Scale-up insulin access urgently, drugmakers told

Diabetes cases expected to rise to 643 million by 2030, with poorer countries most affected. In 24 low- and middle-income countries, no insulins are registered by regulatory authorities. Drugs companies must accelerate efforts to widen access to the treatment, report urges.

A very tiny insulin syringe. Copyright: Pearlsa, (CC BY-NC 2.0)
A very tiny insulin syringe. Copyright: Pearlsa, (CC BY-NC 2.0)


Drug companies producing insulin must urgently scale up initiatives to tackle the “stark inequity” in access to the life-saving medication for people living with diabetes in low- and middle-income countries (LMICs), a report urges.

Insulin — discovered over 100 years ago — is mainly prescribed to people diagnosed with early-onset type 1 diabetes to help prevent complications and death, but the drug is out of reach for many, says the report released today (6 October) by Access to Medicine Foundation, a Dutch organisation pushing for accountability among pharmaceutical companies.

It comes at a time when cases of diabetes are projected to rise globally to 643 million by 2030, and 783 million by 2045, according to the International Diabetes Federation. The burden of disease is highest in LMICs where 80 per cent of the 463 million adults with diabetes live.

“For children and young adults with type 1 diabetes, where insulin is their lifeline, it must be categorized as essential medicine and be free,”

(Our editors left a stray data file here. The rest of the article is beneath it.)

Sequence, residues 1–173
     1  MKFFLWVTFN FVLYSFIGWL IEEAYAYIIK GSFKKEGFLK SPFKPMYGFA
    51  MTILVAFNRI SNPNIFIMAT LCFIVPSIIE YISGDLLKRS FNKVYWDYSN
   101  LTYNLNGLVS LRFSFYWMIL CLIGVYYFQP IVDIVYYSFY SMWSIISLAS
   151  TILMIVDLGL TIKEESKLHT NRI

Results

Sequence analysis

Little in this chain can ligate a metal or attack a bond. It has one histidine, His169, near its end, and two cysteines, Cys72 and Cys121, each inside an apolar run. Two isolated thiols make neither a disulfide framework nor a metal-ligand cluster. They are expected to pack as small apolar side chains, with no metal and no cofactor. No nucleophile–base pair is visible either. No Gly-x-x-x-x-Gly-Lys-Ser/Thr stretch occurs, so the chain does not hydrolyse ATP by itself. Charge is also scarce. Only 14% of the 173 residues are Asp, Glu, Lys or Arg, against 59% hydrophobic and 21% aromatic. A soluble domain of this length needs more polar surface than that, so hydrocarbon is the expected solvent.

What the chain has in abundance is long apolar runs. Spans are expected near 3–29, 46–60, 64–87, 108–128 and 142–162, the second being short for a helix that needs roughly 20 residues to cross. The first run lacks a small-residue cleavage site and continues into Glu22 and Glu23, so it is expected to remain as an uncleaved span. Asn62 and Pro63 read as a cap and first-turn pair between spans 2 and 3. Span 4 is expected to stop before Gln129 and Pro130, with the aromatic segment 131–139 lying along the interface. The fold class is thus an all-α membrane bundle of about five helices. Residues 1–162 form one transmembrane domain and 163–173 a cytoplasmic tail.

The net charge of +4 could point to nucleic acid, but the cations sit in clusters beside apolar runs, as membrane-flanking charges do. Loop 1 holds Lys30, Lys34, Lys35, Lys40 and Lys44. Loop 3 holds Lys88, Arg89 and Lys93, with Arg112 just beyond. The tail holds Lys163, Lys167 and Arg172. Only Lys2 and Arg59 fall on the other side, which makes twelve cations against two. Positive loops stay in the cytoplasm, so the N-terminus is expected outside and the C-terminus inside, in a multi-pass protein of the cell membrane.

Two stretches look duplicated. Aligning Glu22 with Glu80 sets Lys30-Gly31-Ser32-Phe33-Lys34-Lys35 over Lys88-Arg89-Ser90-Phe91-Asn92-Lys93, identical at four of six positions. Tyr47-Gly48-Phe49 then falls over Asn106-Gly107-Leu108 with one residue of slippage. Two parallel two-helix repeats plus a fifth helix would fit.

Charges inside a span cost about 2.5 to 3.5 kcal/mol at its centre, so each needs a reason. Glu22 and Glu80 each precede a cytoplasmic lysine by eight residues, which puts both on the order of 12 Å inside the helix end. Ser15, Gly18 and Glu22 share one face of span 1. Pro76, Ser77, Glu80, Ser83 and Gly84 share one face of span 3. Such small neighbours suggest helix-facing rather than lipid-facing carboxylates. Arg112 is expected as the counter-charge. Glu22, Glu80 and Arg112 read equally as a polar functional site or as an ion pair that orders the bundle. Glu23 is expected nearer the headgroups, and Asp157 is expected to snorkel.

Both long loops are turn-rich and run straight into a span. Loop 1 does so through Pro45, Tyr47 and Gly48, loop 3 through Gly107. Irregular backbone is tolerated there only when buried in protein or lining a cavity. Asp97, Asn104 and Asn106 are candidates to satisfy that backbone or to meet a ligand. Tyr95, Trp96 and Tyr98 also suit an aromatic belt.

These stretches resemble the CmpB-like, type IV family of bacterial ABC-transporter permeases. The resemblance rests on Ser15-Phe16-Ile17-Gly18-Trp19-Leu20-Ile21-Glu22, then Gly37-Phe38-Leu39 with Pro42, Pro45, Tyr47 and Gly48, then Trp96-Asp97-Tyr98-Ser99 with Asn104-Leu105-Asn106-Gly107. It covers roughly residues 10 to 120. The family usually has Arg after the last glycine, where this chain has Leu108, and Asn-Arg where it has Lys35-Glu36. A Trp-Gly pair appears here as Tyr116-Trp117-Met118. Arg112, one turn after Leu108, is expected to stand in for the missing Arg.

Kaushik Ramaiya, consultant physician, Shree Hindu Mandal Hospital, Dar es Salaam, Tanzania

The report, which analyses publicly available data, literature and global health policy reports, says only a few drug makers are dominating the insulin market, while gaps persist in access to all forms of insulin.

It shows that only 29 countries out of 108 studied have all the insulins classified as “essential medicines” by the World Health Organization, and only one of those is a low-income country. Furthermore, in 24 countries no insulin was registered at all.

Map showing countries lacking registered insulin

Strategies aimed at making insulin affordable have focused on human insulin, rather than analogue insulin, which controls blood sugar more effectively over a longer period but can cost up to six times more, according to the report.

Ongoing efforts by companies to address gaps in access are “fragmented, and are often focused on a few countries, patient populations and products”, the foundation says. It points to US pharma company Eli Lilly, Denmark’s Novo Nordisk and the French firm Sanofi as the main insulin manufacturers.

Initiatives by these companies to improve access include programmes targeting children, price cap, and equitable pricing policies, but these must go further, the report suggests. Access to other products such as delivery and monitoring tools must also be considered, it says.

“What we want to see as the first step from these companies is to walk away from scattered initiatives and work towards models that ensure more systematic access for patients,” says Claudia Martínez, research programme manager for diabetes and generic medicine at the Access to Medicine Foundation.

Martínez tells SciDev.Net that the report aims to catalyse investment by pharmaceutical companies in solutions such as diversifying products so that people with diabetes can afford the drug and access it “no matter where they live”.

Diabetes delivery tools

The report points to the need to expand the number and type of insulins on the market in LMICs to boost availability and affordability.